Using less water for agriculture is an idea spreading across the Great Plains.
By Brett Walton
Circle of Blue
Five farm counties in western Kansas are voting this week on a course of action that cuts against the grain of American water history yet is becoming more common on the Great Plains as natural resource limits speed closer and farming communities struggle to maintain their livelihoods.
The five counties, all part of the Western Kansas Groundwater Management District (GMD), are voting on a water diet, a diet they are not required to endure but a diet that many in the region believe will stretch their finite water supply a little farther and allow them to pass farming’s flame to their children and grandchildren.
The farmers casting ballots in fairground meeting halls in Leoti, Scott City and three other county seats will endorse or reject a plan to reduce the amount of water they pump out of the renowned Ogallala Aquifer by roughly 20 percent through the year 2020.
Beneath eight plains states, the Ogallala is the largest underground freshwater reserve in the United States, but it cannot last at current rates of use. More than 95 percent of the water is sprayed on farm fields to sustain a $US 30 billion agriculture economy. In parts of western Kansas the aquifer is nearly exhausted or already gone. When the water goes, towns wither.
By the end of Friday when ballots are due in Greeley County, the last of the five to vote, the entire Western Kansas GMD may become the second jurisdiction and the largest in the state to take advantage of a water conservation law signed by Republican Governor Sam Brownback in 2012.
That law created a special form of water regulation called a local enhanced management area, or LEMA. The law allows local districts to set their own water conservations plans which are then enforced by the state.
Water districts from the Texas Panhandle to the Nebraska Sand Hills that draw from the Ogallala regulate how much water farmers can pump. Some of these rules stretch back decades, but what is new in Kansas is that restrictions are being suggested, developed, and endorsed by the communities themselves.
Designing a Diet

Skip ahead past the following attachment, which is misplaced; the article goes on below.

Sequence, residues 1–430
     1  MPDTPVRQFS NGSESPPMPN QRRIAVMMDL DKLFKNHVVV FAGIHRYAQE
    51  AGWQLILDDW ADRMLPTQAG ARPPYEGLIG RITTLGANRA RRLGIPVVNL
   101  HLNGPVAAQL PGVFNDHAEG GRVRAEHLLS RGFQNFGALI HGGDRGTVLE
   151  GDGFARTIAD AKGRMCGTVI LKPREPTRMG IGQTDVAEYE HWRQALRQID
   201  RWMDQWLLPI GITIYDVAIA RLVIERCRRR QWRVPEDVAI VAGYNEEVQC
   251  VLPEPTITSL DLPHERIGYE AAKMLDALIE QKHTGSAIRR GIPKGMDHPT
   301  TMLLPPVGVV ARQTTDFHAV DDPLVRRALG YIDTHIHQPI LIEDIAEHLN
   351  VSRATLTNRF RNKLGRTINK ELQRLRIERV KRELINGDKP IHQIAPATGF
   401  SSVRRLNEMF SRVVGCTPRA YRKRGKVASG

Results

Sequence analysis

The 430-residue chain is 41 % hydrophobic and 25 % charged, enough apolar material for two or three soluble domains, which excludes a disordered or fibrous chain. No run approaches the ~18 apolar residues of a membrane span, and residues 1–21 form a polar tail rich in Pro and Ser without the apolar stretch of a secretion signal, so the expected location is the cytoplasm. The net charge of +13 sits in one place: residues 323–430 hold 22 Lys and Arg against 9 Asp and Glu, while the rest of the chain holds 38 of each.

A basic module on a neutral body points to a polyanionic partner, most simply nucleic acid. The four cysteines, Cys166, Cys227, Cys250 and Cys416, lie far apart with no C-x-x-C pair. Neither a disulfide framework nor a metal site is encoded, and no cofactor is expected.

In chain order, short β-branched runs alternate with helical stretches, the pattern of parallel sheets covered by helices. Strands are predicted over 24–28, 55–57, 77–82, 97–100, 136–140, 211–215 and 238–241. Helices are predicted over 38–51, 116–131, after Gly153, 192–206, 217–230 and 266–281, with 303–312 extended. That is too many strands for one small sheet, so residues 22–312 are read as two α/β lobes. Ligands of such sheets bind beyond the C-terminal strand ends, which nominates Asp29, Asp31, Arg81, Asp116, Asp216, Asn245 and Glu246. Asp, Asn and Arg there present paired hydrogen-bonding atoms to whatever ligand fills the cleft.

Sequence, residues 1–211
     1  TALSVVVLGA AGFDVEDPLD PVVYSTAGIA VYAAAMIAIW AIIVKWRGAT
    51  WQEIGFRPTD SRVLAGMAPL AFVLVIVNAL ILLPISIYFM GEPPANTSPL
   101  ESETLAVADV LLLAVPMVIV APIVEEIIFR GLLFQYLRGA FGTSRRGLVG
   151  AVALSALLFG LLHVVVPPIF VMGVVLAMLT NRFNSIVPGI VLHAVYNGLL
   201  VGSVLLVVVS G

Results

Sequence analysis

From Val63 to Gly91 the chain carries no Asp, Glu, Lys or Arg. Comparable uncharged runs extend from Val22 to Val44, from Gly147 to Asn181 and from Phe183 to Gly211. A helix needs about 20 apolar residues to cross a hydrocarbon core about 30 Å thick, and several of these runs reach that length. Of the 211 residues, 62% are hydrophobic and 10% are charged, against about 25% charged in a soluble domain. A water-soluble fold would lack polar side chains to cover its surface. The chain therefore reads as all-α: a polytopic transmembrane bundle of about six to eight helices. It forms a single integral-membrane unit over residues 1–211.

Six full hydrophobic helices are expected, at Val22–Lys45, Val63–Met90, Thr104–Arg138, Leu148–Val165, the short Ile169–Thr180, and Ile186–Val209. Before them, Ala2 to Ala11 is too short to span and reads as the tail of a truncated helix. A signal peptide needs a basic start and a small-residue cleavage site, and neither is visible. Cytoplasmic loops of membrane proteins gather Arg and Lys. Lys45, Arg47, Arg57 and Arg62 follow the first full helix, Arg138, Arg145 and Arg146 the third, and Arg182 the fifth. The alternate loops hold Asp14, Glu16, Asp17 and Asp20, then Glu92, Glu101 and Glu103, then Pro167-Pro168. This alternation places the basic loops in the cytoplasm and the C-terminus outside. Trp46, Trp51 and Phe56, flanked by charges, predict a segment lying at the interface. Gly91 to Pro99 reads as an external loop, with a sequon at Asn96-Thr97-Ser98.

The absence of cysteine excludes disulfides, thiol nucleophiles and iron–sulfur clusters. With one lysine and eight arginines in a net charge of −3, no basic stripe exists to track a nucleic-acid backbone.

To pass, the LEMA needs to earn the support of 67 percent of voters in the five counties – Greeley, Lane, Scott, Wallace, and Wichita. Only those individuals holding a state-issued water right are allowed to vote.
Jan King, general manager of the Western Kansas GMD, did not return multiple phone calls and emails inquiring about the proposal’s chances of passing.
Actual water use from 2008 to 2012 will be used as a baseline for the 20 percent reduction.
Farmers who are already using very little water will not be asked to make the same commitment as those who have more wiggle room. Those whose historical use of water is between eight and 10 inches per acre will be asked to cut down to eight inches. Those already below the eight-inch threshold will not be asked to cut at all.
Roughly one in five wells in the district would not be affected because they are already thrifty. Two-thirds of wells use more than 10 inches per acre per year.
The reductions are targeted at farmers, who account for 97 percent of the district’s water permits. Cities, industries, and livestock operators will not be under new restrictions but they will be required to submit a conservation plan. Farmers who hold a vested water right, one issued before 1945, are not subjected to any restrictions, though they can voluntarily join the cause.
To allow for more flexibility, farmers can ask that their annual allocation be converted to a six-year cap, covering the duration of the LEMA period. That way they can pump more in a dry year.
With all the exemptions, the actual reduction in total pumping will be slightly less than 20 percent.
Following a Precedent
The first LEMA in Kansas recently completed its first year, and early signs are of success.
Farmers in Sheridan County in northwest Kansas began a five-year conservation plan in 2013. Their goal is a countywide pumping reduction of 20 percent.
“The response from farmers was incredibly positive,” Katherine Wilkins-Wells, manager of the Northwest Kansas Groundwater Management District, which includes Sheridan County, told Circle of Blue.
Wilkins-Wells said that farmers adapted to the restrictions by planting a different mix of crops, less corn and more sorghum, for example, or by decreasing the number of plants per acre. Average water use in 2013, the LEMA’s first year, was slightly under the target of 11 inches per acre.
So will evidence from Sheridan County that conservation does not destroy a farmer’s business mean more such plans in the future?
“We’re at a point where we’re trying to figure out how to move forward,” Wilkins-Wells said. “There are a lot of eyes on the [Western Kansas] GMD and on Sheridan County.”
Brett writes about agriculture, energy, infrastructure, and the politics and economics of water in the United States. He also writes the Federal Water Tap, Circle of Blue’s weekly digest of U.S. government water news. He is the winner of two Society of Environmental Journalists reporting awards, one of the top honors in American environmental journalism: first place for explanatory reporting for a series on septic system pollution in the United States(2016) and third place for beat reporting in a small market (2014). He received the Sierra Club’s Distinguished Service Award in 2018. Brett lives in Seattle, where he hikes the mountains and bakes pies. Contact Brett Walton